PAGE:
It was a rainy journey from Krabi to Phuket on an old rickety bus. We’d initially been loaded onto a minivan with our bags dumped on the roof without any rain cover so we hastily got off the van and told the driver we wouldn’t be travelling with him. The old rickety bus would do, even if it did take longer at least our bags would be dry. Once we arrived into Phuket town we wasted no time in going to the market for some food, we were warned that the dishes were spicy but we shrugged it off- eight months in Asia and we’re getting a bit cocky with the spices. However this particular market food knocked us back into place and we both left with fiery mouths. Luckily a big portion of mango sticky rice was on offer to help soothe our pain.
When reading up about Phuket there was one thing in particular that caught my attention, a Gibbon rescue sanctuary. Throughout our travels we’ve gone on various jungle walks that have led to us to witness a variety of wild animals in their natural surroundings and it’s something that the both of us have loved to do. We’ve also witnessed a number of wild animals that are not in their natural surroundings and are instead used for entertaining tourists and spend the rest of their day chained up, this is something we both hate to see. The Gibbon rescue centre houses Gibbons of varying ages and species that have been taken from their owners due to mistreatment. Bearing in mind that it is illegal to keep a Gibbon as a pet in Thailand. The Gibbons go through different stages of rehabilitation, weening them off human dependency and pairing them up with a mate in the hope that the family will be able to be released back into the wild. Unfortunately there are some Gibbons who cannot be released and have to spend the rest of their lives in the sanctuary. For example there was one Gibbon who had been attacked by her owner, the wounds that she received got infected and the owner took her to the vet. The wounds were that bad that she had to have a leg and an arm amputated, the vet called the police and she was handed over to the rehabilitation sanctuary. Some Gibbons are also brought into the country illegally and their species is not native to Thailand, it is for this reason that they cannot be released into the wild. It was nice to be able to see some of the Gibbons up close and hear their loud calls to one another, they are such amazing animals! It was also sad to see them in cages because of the way in which humans have treated them.
Nearby stood the tallest waterfall in Phuket, at a staggering…15metres tall. It wasn’t the most impressive waterfall we’ve been to but it was tucked away in a quiet spot of the jungle which made it a nice place to sit for a while. The rest of the day was spent loitering around the fancy marina which made me want a yacht and a cocktail then we visited ‘big buddha’ which was still under construction but offered amazing views out over Phuket and the surrounding islands. That night we had a stroll round the colourfully lit old town and found ourselves another night market where we sampled more local dishes.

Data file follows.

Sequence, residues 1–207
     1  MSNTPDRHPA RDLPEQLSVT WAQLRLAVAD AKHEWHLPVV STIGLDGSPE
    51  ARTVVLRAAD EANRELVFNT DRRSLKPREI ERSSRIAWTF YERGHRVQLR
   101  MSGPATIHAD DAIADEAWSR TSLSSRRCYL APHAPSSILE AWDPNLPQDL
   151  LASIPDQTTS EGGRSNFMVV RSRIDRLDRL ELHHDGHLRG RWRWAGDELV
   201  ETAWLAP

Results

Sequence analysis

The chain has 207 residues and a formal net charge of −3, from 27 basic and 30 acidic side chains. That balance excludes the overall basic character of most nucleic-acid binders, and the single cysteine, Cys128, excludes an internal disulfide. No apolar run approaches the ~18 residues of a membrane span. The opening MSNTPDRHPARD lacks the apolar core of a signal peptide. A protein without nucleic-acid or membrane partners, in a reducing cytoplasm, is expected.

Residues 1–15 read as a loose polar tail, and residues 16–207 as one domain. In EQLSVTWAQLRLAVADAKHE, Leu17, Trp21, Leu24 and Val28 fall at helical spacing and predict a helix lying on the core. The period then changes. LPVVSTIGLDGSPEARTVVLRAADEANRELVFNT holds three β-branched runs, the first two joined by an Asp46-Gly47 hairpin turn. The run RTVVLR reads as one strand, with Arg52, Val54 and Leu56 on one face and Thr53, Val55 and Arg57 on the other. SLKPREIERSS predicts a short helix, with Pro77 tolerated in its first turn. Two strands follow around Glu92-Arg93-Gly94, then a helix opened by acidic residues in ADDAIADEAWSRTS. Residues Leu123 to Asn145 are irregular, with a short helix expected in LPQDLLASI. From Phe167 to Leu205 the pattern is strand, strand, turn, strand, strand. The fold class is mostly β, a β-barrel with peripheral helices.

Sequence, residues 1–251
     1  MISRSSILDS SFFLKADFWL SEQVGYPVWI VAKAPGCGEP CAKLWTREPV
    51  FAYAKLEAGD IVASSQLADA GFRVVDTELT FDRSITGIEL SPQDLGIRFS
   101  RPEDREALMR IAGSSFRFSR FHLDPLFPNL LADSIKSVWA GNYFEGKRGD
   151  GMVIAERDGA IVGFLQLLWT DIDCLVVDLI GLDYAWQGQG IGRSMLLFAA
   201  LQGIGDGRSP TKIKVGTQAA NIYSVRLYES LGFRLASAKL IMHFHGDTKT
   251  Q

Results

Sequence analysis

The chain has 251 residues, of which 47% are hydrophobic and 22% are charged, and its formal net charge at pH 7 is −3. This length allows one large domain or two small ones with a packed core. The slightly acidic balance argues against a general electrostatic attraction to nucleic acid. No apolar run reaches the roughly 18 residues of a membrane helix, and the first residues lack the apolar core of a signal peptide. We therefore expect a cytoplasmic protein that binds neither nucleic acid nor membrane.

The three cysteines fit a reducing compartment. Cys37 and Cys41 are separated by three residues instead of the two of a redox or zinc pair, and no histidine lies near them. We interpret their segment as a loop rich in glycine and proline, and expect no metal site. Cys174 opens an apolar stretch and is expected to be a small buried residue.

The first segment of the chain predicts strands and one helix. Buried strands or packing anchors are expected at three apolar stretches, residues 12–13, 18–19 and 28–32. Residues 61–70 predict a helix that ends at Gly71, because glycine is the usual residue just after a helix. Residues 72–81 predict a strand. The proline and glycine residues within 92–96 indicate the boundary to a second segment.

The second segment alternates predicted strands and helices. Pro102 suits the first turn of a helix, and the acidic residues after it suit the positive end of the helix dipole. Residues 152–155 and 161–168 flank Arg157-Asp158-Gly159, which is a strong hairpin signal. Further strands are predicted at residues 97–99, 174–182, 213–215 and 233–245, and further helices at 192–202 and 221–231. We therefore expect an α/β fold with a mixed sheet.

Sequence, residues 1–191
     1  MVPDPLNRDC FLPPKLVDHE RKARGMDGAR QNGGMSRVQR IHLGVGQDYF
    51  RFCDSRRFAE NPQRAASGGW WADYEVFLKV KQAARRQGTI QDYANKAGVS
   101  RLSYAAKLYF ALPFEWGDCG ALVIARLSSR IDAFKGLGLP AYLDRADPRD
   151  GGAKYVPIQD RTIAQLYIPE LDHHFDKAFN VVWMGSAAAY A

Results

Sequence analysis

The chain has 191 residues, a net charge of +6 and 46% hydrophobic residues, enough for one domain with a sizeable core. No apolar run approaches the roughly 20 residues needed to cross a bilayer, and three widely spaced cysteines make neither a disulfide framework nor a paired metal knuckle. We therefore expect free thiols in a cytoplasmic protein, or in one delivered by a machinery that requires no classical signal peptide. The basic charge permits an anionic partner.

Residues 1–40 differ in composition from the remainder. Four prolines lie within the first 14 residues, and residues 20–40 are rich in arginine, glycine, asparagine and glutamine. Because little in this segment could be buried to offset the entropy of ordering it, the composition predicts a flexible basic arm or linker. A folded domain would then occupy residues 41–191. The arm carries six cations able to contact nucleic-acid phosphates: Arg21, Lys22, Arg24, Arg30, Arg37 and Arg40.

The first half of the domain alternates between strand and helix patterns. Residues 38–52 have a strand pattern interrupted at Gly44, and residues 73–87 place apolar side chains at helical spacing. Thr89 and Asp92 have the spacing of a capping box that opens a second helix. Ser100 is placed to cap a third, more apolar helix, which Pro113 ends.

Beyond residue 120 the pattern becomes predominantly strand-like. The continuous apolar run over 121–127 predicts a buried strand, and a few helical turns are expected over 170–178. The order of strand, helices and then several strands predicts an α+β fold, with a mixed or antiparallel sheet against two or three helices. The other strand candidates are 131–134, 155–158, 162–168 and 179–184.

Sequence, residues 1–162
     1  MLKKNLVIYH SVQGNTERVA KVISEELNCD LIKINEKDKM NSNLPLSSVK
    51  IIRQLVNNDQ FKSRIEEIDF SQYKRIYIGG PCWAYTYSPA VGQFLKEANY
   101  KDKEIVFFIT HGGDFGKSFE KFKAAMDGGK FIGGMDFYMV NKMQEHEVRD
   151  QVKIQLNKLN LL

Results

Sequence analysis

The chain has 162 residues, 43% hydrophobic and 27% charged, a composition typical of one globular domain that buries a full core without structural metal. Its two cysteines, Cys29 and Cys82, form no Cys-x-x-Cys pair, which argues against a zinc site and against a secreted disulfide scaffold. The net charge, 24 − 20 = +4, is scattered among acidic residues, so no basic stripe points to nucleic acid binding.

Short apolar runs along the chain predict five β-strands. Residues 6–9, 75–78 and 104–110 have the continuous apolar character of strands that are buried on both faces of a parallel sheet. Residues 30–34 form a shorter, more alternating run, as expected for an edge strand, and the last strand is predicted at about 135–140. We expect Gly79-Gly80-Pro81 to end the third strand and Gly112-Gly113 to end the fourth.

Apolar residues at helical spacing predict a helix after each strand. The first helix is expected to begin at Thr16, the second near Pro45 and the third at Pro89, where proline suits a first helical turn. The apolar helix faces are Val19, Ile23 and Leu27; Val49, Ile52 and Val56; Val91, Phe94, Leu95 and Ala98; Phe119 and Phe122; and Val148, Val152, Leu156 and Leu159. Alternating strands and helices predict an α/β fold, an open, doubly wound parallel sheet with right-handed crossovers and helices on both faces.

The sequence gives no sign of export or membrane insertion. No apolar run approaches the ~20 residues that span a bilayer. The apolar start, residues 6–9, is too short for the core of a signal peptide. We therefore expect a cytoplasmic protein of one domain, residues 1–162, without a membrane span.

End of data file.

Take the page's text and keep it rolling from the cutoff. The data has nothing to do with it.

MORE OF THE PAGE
From Phuket we got an early morning boat to Phi Phi Island, for those of you who are familiar with the film “the beach” this is apparently where it was filmed. It was also one of the worst affected Thai islands by the devastating 2004 tsunami. We’d decided to stay for just one night and I think we managed to pick possibly the worst place to stay but this tourism hub of an island is so overpriced that we were left with little other choice. Imagine the island as a ‘H’ shape with the two sides being tall jungley mountains connected by a shallow strip with beaches at either side. The middle strip is so congested with guesthouses, bars, souvenir shops, overpriced restaurants, dive shops, resorts etc. I think we walked the entirety of the island a million times over as we got lost in the maze of all the buildings. We escaped onto one of the beautiful beaches and had a stroll along until we found a little cove with only a few other tourists. It was such an escape from the mad town, peace and quiet teamed with stunning views. We even managed to find a couple of sunloungers and have a snooze!
We strolled down the busiest beach at hectic lunch time when all the package tourists stop off at the island for lunch. We were horrified to see men holding Gibbons. Baby Gibbons on leads, wearing nappies and clothes being kept as pets by stupid people and used to entertain the package tourists as they stopped for lunch. The package tourists were having photos taken and holding the Gibbons just spurring on this animal cruelty. In total we saw 3 different men with different gibbons. We also noticed that one of them wasn’t a native species to Thailand, something we learned at the Gibbon sanctuary in Phuket meaning that it had been brought into the country illegally and was being kept illegally. This made us so sad and angry so we reported it to the police on the island. I imagine the police are already aware that this goes on and they won’t do anything about it but it’s all that we could do to help. Maybe if enough tourists complain something may start to be done.
That afternoon we had a sweaty walk up to the Phi Phi viewpoint which was possibly the most impressive viewpoint we’ve been to yet. We were a little skeptical as to how good it would be due to how built up the island is but we weren’t disappointed. We sat on the rocks and looked out for an hour or so before making our way back to town.
I’m glad that we decided to visit Phi Phi but I’m also glad we decided to spend only one day there. It’s a beautiful island but it’s too touristy and expensive to stay any longer than we did. The following day we left on a boat which would take us to our last Thai island of the trip, Ko Lanta.
Until next time!